Myth: Use of soy as a food dates back many thousands of years.
TRUTH: Soy was first used as a food during the late Chou dynasty (1134-246 BC), only after the Chinese learned to ferment soy beans to make foods like tempeh, natto and tamari.
Myth: Asians consume large amounts of soy foods.
TRUTH: Average consumption of soy foods in Japan and China is 10 grams (about 2 teaspoons) per day. Asians consume soy foods in small amounts as a condiment, and not as a replacement for animal foods.
Myth: Modern soy foods confer the same health benefits as traditionally fermented soy foods. TRUTH: Most modern soy foods are not fermented to neutralize toxins in soybeans, and are processed in a way that denatures proteins and increases levels of carcinogens.
Myth: Soy foods provide complete protein.
TRUTH: Like all legumes, soy beans are deficient in sulfur-containing amino acids methionine and cystine. In addition, modern processing denatures fragile lysine.
Myth: Fermented soy foods can provide vitamin B12 in vegetarian diets.
TRUTH: The compound that resembles vitamin B12 in soy cannot be used by the human body; in fact, soy foods cause the body to require more B12
Myth: Soy formula is safe for infants.
TRUTH: Soy foods contain trypsin inhibitors that inhibit protein digestion and affect pancreatic function. In test animals, diets high in trypsin inhibitors led to stunted growth and pancreatic disorders. Soy foods increase the body's requirement for vitamin D, needed for strong bones and normal growth. Phytic acid in soy foods results in reduced bioavailabilty of iron and zinc which are required for the health and development of the brain and nervous system. Soy also lacks cholesterol, likewise essential for the development of the brain and nervous system. Megadoses of phytoestrogens in soy formula have been implicated in the current trend toward increasingly premature sexual development in girls and delayed or retarded sexual development in boys.
Myth: Soy foods can prevent osteoporosis.
TRUTH: Soy foods can cause deficiencies in calcium and vitamin D, both needed for healthy bones. Calcium from bone broths and vitamin D from seafood, lard and organ meats prevent osteoporosis in Asian countries—not soy foods.
Myth: Modern soy foods protect against many types of cancer.
TRUTH: A British government report concluded that there is little evidence that soy foods protect against breast cancer or any other forms of cancer. In fact, soy foods may result in an increased risk of cancer.
Myth: Soy foods protect against heart disease.
TRUTH: In some people, consumption of soy foods will lower cholesterol, but there is no evidence that lowering cholesterol improves one's risk of having heart disease.
Myth: Soy estrogens (isoflavones) are good for you.
TRUTH: Soy isoflavones are phyto-endocrine disrupters. At dietary levels, they can prevent ovulation and stimulate the growth of cancer cells. Eating as little as 30 grams (about 4 tablespoons) of soy per day can result in hypothyroidism with symptoms of lethargy, constipation, weight gain and fatigue.
Myth: Soy foods are safe and beneficial for women to use in their postmenopausal years.
TRUTH: Soy foods can stimulate the growth of estrogen-dependent tumors and cause thyroid problems. Low thyroid function is associated with difficulties in menopause.
Myth: Phytoestrogens in soy foods can enhance mental ability.
Truth: A recent study found that women with the highest levels of estrogen in their blood had the lowest levels of cognitive function; In Japanese Americans tofu consumption in mid-life is associated with the occurrence of Alzheimer's disease in later life.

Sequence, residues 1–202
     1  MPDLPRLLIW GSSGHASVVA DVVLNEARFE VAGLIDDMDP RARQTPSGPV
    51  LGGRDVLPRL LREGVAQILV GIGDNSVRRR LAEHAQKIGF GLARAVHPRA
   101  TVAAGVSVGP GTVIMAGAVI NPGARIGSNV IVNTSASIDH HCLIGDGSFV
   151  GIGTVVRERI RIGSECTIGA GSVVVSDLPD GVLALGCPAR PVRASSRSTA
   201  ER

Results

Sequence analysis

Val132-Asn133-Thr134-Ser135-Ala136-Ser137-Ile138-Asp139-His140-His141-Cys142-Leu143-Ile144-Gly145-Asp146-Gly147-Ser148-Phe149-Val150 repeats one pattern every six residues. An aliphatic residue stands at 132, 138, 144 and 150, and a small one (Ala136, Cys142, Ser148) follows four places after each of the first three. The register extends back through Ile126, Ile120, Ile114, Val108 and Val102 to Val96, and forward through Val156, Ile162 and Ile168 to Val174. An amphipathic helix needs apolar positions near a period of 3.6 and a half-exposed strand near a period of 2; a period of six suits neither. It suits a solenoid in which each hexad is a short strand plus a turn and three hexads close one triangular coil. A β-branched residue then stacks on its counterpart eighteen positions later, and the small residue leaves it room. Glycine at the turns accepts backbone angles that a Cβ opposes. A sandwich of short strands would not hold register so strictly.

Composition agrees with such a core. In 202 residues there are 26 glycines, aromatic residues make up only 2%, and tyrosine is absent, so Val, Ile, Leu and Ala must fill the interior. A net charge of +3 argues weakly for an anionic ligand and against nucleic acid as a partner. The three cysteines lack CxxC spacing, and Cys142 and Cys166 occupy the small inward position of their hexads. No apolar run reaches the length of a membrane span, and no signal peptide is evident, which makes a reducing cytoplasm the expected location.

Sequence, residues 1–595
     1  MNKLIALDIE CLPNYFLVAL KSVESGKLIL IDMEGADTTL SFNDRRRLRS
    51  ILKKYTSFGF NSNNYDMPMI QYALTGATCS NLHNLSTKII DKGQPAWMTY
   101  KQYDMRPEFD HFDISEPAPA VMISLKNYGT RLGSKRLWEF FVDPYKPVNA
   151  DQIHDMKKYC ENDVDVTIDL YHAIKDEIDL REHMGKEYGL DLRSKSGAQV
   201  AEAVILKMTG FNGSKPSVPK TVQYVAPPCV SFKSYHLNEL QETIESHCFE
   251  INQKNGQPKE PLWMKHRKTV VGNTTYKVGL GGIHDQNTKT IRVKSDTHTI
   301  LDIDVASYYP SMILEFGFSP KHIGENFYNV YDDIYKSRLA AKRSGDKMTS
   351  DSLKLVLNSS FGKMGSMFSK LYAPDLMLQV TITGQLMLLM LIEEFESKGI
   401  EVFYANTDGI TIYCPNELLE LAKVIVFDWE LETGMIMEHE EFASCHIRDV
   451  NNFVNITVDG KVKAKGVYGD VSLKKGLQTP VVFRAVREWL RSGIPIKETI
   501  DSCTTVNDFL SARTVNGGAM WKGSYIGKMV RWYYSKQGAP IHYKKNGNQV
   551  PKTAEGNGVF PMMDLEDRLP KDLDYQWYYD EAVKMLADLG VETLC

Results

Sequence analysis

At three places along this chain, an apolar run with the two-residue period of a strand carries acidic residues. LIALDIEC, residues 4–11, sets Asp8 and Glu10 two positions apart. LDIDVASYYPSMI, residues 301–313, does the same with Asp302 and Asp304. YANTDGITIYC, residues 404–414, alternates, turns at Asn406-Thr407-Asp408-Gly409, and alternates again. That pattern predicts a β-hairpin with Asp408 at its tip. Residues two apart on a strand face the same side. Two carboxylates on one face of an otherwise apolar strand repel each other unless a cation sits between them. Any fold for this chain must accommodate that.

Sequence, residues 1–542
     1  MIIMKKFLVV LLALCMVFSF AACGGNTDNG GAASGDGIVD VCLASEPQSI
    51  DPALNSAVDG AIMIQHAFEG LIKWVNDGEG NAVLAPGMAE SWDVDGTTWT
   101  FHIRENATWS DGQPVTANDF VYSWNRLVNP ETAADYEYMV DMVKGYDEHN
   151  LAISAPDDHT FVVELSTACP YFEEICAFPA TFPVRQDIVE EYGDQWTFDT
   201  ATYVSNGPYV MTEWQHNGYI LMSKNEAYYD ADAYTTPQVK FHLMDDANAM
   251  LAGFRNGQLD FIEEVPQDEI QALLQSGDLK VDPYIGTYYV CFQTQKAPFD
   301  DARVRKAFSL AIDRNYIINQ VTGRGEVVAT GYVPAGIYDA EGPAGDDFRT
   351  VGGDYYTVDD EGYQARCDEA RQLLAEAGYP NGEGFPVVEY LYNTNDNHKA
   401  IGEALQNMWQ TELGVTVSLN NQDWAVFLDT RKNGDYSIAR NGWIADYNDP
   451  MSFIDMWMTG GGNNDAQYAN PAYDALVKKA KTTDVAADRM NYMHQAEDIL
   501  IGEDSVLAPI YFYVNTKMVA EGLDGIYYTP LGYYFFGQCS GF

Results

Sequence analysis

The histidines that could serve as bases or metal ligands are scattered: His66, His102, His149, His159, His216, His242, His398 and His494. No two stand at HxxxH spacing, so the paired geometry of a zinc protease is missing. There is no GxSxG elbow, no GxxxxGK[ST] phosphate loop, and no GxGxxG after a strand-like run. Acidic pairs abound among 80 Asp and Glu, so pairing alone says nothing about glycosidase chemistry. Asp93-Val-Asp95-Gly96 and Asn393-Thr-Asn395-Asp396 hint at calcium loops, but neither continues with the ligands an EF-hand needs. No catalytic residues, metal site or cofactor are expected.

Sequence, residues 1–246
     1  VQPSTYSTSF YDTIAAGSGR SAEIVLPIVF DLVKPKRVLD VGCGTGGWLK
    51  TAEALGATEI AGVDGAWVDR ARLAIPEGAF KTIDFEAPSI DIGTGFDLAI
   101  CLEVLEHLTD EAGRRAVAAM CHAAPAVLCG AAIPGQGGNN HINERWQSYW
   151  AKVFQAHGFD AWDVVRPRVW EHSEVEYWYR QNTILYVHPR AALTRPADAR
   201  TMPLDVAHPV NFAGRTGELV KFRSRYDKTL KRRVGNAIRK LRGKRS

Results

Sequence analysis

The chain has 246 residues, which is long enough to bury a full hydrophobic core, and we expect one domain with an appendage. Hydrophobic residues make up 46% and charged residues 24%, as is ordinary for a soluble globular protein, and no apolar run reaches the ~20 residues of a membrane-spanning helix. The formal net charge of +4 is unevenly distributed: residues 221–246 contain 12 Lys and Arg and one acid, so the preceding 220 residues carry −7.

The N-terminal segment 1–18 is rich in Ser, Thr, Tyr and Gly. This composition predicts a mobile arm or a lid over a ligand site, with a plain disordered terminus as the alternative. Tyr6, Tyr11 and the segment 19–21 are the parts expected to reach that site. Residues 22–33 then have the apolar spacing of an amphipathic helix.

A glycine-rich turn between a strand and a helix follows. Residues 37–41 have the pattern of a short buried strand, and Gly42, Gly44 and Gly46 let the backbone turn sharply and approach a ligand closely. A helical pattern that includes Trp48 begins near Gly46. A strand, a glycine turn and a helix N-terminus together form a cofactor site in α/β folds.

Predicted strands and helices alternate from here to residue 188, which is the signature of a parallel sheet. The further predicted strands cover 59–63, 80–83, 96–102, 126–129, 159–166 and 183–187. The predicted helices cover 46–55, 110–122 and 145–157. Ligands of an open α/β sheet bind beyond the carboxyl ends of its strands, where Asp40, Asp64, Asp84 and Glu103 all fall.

Myth: Soy isoflavones and soy protein isolate have GRAS (Generally Recognized as Safe) status.
TRUTH: Archer Daniels Midland (ADM) recently withdrew its application to the FDA for GRAS status for soy isoflavones following an outpouring of protest from the scientific community. The FDA never approved GRAS status for soy protein isolate because of concern regarding the presence of toxins and carcinogens in processed soy.
Myth: Soy foods are good for your sex life.
TRUTH: Numerous animal studies show that soy foods cause infertility in animals. Soy consumption enhances hair growth in middle-aged men, indicating lowered testosterone levels. Japanese housewives feed tofu to their husbands frequently when they want to reduce his virility.
Myth: Soy beans are good for the environment.
TRUTH: Most soy beans grown in the US are genetically engineered to allow farmers to use large amounts of herbicides.
Myth: Soy beans are good for developing nations.
TRUTH: In third world countries, soybeans replace traditional crops and transfer the value-added of processing from the local population to multinational corporations.
Soy - The Untold Story
The Health Risks Of Soy Includes But Not Limited To:
Asthma Brain and Nervous System damage Heart disease, arrhythmia Osteoporosis Leukemia Thyroid damage Thyroid suppression Increased Cancer Cell Proliferation Tumor Growth Infantile acute leukemia (IAL) Infertility and reproductive problems Cancer(s) / Breast /liver / uterine / colon / thyroid / pancreas / prostate Causing the Reoccurrence of cancer(s) Cell death Animal death Human death Chronic fatigue Chromosome fragmentation, and errors in its orientation DNA and chromosome damage DNA double strand breaks Immune system damage (including T-cell production, activity) Immune system suppression (including suppression of T-cell production, activity) Damage to the myelin sheath surrounding the nerves Diabetes Depression Dementia Endocrine disruption Growth problems Weight gain Subtle changes in sexually dimorphic behaviors Premature, delayed puberty, Pseudo-Puberty Goiter Pancreatic disorders Graves’ or Hashimoto’s Disease Hyperthyroidism Hypothyroidism Liver disease Irritable Bowl Syndrome
These contain MSG or create MSG during processing Calcium caseinate Textured protein
The new game is to label hydrolyzed proteins as pea protein, whey protein, corn protein, etc. If a pea, for example, were whole, it would be identified as a pea. Calling an ingredient pea protein indicates that the pea has been hydrolyzed, at least in part, and that processed free glutamic acid (MSG) is present. Relatively new to the list are wheat protein and soy protein.
Disodium guanylate and disodium inosinate are expensive food additives that work synergistically with inexpensive MSG. Their use suggests that the product has MSG in it. They would probably not be used as food additives if there were no MSG present.